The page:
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March 1, 2017

Taylor High School Visit

Software testing is an ideal career for young people finishing school to envisage, as they have grown up using computers, mobile phones, tablets and game consoles. They will provide a wonderful workforce in the software industry, being experts in social networking, blogging, posting videos and looking for goods to purchase online. They are also very inquisitive.

Indeed, from the day we are born, we test everything that we can get our hands on, and we discover the world through cause and effect of the actions that we do: what happens if I drop this mug? What if I use my new felt tip pens on the wall? We are natural born testers. And so, the generation of young people coming out of school have grown up being testers.

 

Taylorhighschool

I used to be a High School French teacher, and one of my strategies for checking the pupils’ learning was to deliberately make mistakes on what I had just been teaching. The pupils absolutely loved to point out my errors, thereby proving that they had understood the lesson. Software testing would be a very rewarding profession for them to get into; they could have the pleasure of using their existing knowledge, as well as their immense capacity for absorbing more knowledge, to analyse a product, break it and give it back to its maker to get it fixed and working better. Quality is something that we all enjoy, so to be given the opportunity to partake in quality assurance is exciting. If only we could think of possible jobs that would just do that at the time when we have to start thinking about careers in high school.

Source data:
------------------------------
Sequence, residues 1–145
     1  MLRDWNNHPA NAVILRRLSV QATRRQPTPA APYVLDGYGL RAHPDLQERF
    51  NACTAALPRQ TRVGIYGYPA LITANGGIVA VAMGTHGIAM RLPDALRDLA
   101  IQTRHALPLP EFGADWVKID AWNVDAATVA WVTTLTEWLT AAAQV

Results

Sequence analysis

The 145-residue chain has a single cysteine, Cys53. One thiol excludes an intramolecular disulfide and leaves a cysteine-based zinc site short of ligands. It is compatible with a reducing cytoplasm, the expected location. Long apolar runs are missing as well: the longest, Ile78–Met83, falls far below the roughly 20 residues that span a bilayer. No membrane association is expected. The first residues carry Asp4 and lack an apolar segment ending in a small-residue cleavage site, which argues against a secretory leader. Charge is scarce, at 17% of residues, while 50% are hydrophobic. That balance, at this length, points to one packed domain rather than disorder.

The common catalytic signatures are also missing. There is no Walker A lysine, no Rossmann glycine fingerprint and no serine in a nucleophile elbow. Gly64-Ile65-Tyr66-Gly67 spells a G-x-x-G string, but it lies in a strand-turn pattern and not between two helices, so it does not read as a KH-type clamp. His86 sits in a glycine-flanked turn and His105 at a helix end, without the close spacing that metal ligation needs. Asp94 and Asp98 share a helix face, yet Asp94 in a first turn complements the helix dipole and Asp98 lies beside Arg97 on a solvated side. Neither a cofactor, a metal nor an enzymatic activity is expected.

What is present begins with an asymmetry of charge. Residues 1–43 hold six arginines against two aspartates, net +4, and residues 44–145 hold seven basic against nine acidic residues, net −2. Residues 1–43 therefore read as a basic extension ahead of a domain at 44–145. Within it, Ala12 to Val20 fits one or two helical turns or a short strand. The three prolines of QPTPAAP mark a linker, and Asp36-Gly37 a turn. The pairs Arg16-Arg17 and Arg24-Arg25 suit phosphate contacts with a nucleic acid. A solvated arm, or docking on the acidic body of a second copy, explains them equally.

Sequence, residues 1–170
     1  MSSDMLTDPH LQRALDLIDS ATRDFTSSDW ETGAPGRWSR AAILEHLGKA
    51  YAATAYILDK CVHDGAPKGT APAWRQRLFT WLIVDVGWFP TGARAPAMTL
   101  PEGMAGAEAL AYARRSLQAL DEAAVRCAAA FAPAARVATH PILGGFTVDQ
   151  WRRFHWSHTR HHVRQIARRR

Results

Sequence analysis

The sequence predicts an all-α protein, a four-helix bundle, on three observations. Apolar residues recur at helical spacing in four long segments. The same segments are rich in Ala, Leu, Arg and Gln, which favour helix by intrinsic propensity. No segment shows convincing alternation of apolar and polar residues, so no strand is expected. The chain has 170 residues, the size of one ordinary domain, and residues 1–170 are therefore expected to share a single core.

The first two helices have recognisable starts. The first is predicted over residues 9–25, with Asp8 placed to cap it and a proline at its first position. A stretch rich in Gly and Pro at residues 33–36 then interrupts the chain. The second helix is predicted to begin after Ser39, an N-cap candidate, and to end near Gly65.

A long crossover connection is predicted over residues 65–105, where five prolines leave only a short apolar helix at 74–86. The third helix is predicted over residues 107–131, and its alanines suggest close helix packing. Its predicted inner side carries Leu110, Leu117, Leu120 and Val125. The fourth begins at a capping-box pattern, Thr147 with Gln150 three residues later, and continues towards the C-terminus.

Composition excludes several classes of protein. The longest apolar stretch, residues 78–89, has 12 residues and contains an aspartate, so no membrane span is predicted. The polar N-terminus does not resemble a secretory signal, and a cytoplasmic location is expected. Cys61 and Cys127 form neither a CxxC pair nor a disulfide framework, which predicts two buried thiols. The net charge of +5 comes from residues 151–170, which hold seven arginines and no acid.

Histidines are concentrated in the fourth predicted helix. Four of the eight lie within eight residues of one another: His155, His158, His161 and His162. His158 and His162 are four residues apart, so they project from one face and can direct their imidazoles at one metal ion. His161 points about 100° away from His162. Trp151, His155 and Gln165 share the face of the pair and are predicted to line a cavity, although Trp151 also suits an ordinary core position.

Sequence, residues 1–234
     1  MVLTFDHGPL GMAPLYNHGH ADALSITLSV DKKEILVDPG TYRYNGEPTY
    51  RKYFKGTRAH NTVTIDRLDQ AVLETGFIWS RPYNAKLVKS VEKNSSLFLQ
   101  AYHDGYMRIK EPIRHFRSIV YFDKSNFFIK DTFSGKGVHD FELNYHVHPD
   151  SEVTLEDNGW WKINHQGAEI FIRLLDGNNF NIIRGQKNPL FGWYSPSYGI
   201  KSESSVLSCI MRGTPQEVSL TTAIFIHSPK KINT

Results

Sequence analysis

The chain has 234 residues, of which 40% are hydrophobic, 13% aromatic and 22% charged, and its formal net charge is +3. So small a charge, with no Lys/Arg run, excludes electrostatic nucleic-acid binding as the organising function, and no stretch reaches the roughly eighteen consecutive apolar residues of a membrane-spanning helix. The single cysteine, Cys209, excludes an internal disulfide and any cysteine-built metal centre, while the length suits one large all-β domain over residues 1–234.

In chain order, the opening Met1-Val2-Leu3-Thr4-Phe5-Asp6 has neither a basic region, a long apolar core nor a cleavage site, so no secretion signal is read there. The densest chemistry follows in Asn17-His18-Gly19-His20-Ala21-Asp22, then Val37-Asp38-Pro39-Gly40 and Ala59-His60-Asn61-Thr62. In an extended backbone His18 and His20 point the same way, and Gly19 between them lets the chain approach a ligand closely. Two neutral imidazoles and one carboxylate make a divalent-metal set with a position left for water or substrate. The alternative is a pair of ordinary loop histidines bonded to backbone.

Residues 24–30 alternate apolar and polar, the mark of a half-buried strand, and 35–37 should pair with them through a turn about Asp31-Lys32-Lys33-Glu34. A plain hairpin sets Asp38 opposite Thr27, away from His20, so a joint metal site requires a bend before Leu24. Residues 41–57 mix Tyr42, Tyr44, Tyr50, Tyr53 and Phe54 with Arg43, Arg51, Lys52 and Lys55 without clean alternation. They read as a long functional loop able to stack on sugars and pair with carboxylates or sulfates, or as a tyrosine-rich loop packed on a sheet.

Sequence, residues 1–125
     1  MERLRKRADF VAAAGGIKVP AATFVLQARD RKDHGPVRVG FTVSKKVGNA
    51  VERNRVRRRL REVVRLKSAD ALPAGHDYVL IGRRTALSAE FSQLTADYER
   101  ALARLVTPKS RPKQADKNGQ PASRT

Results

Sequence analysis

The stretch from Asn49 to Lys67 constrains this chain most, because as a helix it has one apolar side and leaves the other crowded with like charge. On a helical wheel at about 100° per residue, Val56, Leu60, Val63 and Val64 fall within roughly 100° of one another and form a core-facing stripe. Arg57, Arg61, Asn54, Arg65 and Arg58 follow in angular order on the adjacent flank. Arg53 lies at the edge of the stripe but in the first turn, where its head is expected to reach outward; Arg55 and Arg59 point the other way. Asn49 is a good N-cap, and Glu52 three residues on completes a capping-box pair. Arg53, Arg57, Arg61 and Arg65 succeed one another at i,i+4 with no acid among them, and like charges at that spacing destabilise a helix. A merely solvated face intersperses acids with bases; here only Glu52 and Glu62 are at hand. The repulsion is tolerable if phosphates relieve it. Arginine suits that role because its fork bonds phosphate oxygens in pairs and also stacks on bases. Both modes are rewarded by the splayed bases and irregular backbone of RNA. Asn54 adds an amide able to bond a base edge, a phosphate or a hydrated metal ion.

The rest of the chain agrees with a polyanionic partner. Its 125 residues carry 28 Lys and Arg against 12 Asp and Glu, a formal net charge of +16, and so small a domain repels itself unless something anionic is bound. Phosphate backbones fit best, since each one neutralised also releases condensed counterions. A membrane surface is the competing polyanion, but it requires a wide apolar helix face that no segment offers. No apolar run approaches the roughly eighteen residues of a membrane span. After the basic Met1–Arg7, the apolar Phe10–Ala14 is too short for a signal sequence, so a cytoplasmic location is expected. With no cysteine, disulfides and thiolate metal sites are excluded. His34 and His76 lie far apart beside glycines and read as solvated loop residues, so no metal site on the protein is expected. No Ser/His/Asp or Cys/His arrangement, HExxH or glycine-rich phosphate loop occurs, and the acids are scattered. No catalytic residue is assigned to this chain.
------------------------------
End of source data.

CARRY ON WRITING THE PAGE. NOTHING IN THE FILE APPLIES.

This is why a group of twelve S5 pupils from Taylor High School were invited to visit the Edge Testing head office last week with their Information Technology teacher, who is already teaching them a unit on software testing in their computing class. As a former high school teacher I was designated to prepare and help deliver the session which included a presentation and a workshop. It was a strangely familiar, yet very enjoyable experience, and the pupils from Taylor High School certainly demonstrated great enthusiasm during our workshop. The presentation gave an overview of the wide variety of clients that Edge does testing for, of how software is tested before going live in the 'real world' and of the qualities required to work as a software tester. We had a range of activities that they all readily engaged into, starting with a spot-the-difference exercise to practise their attention to detail. They were also asked to write a step-by-step guide on how to put on a jacket, to illustrate the challenges faced by a tester when writing a series of instructions designed to report on an anomaly. Finally, they also analysed a website using an exploratory technique and had a practice of writing a defect report with instructions.

Time passed very quickly for both Edge staff delivering the workshop and for the pupils involved, with a very brief question time initiated by CEO Brian Ferrie, and ending in one of the pupils piping up from the back of the room “What’s for dinner?”. It puzzled me somewhat, coming from such a well-mannered group of youngsters. However, I discovered later that the unexpected question had been fired by the question master’s son. I might have missed a few details along the way – shame for a tester!

 

By Cecile Robb - Test Analyst, Edge Testing

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